Personally I felt like most of the resources we find online are great, However Harvards CS50 course teaches a student from the ground to the top. Great emphasis on algorithm, thinking and in some ways teaching how to learn and think in cs.
Currently taking it (on Week 4 wherein they elaborate a bit on data structures) and all I can say that it is good stuff. The problem sets they give are also quite of a challenge (at least for me). Depends on how you approach the problem, anyway.
I definitely recommend only if you have the time. My progress with CS50 is becoming a lot slower now that the concepts introduced and the problem sets is becoming harder and I'm also studying the gist of electronics now so my time is divided (not to mention some stuff outside of those things).
I also heard wherein some of the takers in CS50 completed it in a year so there's another consideration for you.
Thats a really good one :)
Could you drop a link to this? Thank you
here you go
freenode.net port 6666
I usually recommend to check the "awesome list" for your programming language:
FreeCodeCamp should be here.
I added a Google custom search for devdocs.io, it's a really handy resource full of documentation for pretty much every language or framework. Plus it works offline!
Also, dev.tube/ is basically the Netflix of dev videos, very handy.
And once you're ready to start looking for a coding job, I recommend pramp.com, which pairs you up with other students to practice interview-style coding challenges.
I'll throw exercism.io in the ring... probably under the "Code Challenges" section but they just revamped their whole layout to enable mentoring by more experienced devs too.
Also, I was on a bit of a kick last year looking for some "challenge" style sites and I posted them on GitHub... if that happens to be your thing.
I love watch and code! It helped me drastically!
I have some folders of bookmarks for this purpose, as I don't have the time now to go trough them I would like to add:
Do not throw all these resources to a new starter, filter them based on on the developer experience and future, and share them when needed.
I have 2 main categories or mentees:
The main idea is that, CS and other soft skills will add value on the long run, and they can build a strong foundation to build upon. The downside is that it will not bring much value at the beginning, unless you aim for a big tech company that build tools for other devs, and work at a more low level (instead of building products for end consumers).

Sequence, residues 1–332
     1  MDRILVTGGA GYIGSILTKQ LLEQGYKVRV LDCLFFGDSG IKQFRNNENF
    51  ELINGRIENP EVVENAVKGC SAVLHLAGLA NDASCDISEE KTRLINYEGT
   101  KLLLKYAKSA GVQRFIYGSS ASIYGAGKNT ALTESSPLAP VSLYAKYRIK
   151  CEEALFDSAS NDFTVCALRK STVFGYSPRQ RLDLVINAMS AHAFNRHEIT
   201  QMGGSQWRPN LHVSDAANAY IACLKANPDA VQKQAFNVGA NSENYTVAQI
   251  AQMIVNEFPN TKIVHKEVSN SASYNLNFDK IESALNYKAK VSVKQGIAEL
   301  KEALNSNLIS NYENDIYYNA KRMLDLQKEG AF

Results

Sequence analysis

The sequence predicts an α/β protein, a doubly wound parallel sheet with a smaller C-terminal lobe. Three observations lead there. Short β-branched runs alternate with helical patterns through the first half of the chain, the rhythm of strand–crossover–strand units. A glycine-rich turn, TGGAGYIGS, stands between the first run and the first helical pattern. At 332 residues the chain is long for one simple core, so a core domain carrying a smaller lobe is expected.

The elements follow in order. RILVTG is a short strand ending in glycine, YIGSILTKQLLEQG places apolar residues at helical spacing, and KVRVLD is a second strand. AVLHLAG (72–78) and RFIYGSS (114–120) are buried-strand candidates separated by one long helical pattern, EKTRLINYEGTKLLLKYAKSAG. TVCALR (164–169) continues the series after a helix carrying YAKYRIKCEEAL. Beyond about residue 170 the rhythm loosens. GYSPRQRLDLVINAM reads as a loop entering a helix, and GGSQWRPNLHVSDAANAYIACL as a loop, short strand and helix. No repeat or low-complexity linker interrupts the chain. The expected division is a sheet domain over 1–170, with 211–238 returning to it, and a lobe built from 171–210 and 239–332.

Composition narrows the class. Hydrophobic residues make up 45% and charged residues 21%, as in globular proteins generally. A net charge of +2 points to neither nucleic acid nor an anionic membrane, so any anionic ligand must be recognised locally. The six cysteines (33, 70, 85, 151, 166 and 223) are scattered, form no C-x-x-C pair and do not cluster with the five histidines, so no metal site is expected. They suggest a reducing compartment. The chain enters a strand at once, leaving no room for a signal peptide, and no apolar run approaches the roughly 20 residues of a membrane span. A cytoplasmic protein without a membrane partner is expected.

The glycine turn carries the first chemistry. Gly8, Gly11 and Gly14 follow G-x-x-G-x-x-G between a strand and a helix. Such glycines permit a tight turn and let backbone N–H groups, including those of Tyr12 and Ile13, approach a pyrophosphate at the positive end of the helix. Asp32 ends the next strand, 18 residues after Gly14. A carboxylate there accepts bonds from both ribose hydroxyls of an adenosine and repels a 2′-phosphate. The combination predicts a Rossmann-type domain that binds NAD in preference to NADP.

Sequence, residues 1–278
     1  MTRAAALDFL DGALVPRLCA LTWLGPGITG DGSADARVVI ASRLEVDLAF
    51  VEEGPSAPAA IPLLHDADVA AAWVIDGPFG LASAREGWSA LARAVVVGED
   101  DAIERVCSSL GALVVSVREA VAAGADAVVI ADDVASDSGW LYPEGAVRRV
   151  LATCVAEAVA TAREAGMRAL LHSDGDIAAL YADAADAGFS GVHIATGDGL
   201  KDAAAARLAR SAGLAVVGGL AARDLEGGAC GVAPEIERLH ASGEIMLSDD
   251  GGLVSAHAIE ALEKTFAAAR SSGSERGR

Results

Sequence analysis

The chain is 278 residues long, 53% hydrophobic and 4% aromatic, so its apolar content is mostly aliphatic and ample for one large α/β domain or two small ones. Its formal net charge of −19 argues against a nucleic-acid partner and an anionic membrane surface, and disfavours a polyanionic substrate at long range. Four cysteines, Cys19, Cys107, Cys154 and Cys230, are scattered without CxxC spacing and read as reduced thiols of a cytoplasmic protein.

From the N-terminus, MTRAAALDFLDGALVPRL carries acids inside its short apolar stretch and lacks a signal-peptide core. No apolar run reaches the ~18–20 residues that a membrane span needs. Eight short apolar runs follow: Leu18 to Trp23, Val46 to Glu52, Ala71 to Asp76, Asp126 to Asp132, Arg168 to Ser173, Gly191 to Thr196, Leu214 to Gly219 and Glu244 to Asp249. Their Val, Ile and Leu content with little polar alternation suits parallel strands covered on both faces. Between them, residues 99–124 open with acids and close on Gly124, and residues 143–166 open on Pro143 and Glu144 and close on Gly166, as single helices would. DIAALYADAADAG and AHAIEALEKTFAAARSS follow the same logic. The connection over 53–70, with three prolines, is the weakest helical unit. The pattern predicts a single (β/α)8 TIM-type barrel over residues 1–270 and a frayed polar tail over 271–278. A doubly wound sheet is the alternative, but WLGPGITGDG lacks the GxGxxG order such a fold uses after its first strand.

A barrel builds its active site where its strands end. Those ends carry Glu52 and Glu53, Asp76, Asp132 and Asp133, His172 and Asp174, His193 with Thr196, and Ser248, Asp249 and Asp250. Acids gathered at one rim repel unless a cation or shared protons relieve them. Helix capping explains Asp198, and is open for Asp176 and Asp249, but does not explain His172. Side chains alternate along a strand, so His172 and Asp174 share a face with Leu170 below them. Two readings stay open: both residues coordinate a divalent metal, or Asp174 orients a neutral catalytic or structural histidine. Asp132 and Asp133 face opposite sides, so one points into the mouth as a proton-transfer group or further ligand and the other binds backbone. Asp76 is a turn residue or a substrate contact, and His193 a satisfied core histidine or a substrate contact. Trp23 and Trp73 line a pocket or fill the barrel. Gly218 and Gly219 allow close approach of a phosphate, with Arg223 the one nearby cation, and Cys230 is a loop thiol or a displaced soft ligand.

Also some big categories are missing from here I think (not much just the big picture):
Been coding for 24 years now, start at age 11 and now 35. Love that I still learn new things from new programmers. Really appreciate you sharing your resources!
I would love to suggest adding Udemy to the list. They always have "sales" where you can get their courses for less than $20 bucks. They are highly well done and an amazing resource.
I like You don't know JS . Great free reading from your phone while queuing.
I like and would recommend some of the already mentioned. Others I didn't know them. If you speak Spanish, I'd also recommend CodigoFacilito 😊
I'll also toss in dev.to as a tool. Obviously I'm biased, but If you come actively seeking help, you will find it comes to you a lot of the time.
Check out @brendazam
for an example of someone using the platform really well in this regard.
Been a beginner learning online is hard, too many questions and a lot of information. Having a community as Dev.to allows me to ask without been judged and get the support that I need to stay focused. Ben and Ali you both are an inspiration, thanks for all your content. Hugs & Husky love 🐶👩🏻💻
Totally agree! Going to add in a communities section right now!
Awesome resources but I think this is going to be one of those article that's gonna be in my bookmarks but I rarely open it. Thanks for the list :)
i've found quite a few interesting and helpful tutorials on css-tricks.com/ ;)
Codingame.com is another site for Code Challenges
A free PDF for new programmers: Introduction to Programming with Xojo
Why a new programmer should learn an exotic language?
Learning to program does not mean "learning a language". It means learning the concepts behind programming that you can apply to any language. Starting with a language that is simpler can make it easier to learn these basic concepts and prevent frustration (and even giving up entirely on learning to program). Once you've learned the concepts it makes it much, much easier to learn other languages. In general, most programmers know several different programming languages.
Free Programming books from StackOverflow
Thank you so much Ali! This is very helpful.
Adding to this collection,
If someone wants to keep updated on front-end tips and news - smashingmagazine.com
You forgot "THIS IS SPARTA sorry CS50!!"
Udacity? Some excellent (free) courses there...
I LOVE listening to the Syntax podcast with Wes Bos and Scott Tolinski. They are full-stack devs who talk about all kinds of things. syntax.fm/
Another one I love for JS katas is es6katas.org.
03:32 AM - 01 Aug 2017
You don't know JS is also great to bookmark and read from phone whole queueing.
Geeks for Geeks is another good resource for computer science puzzles and problems. Mostly useful for interview prep.
Awesome Paaa jiiii
hi ali spittel..
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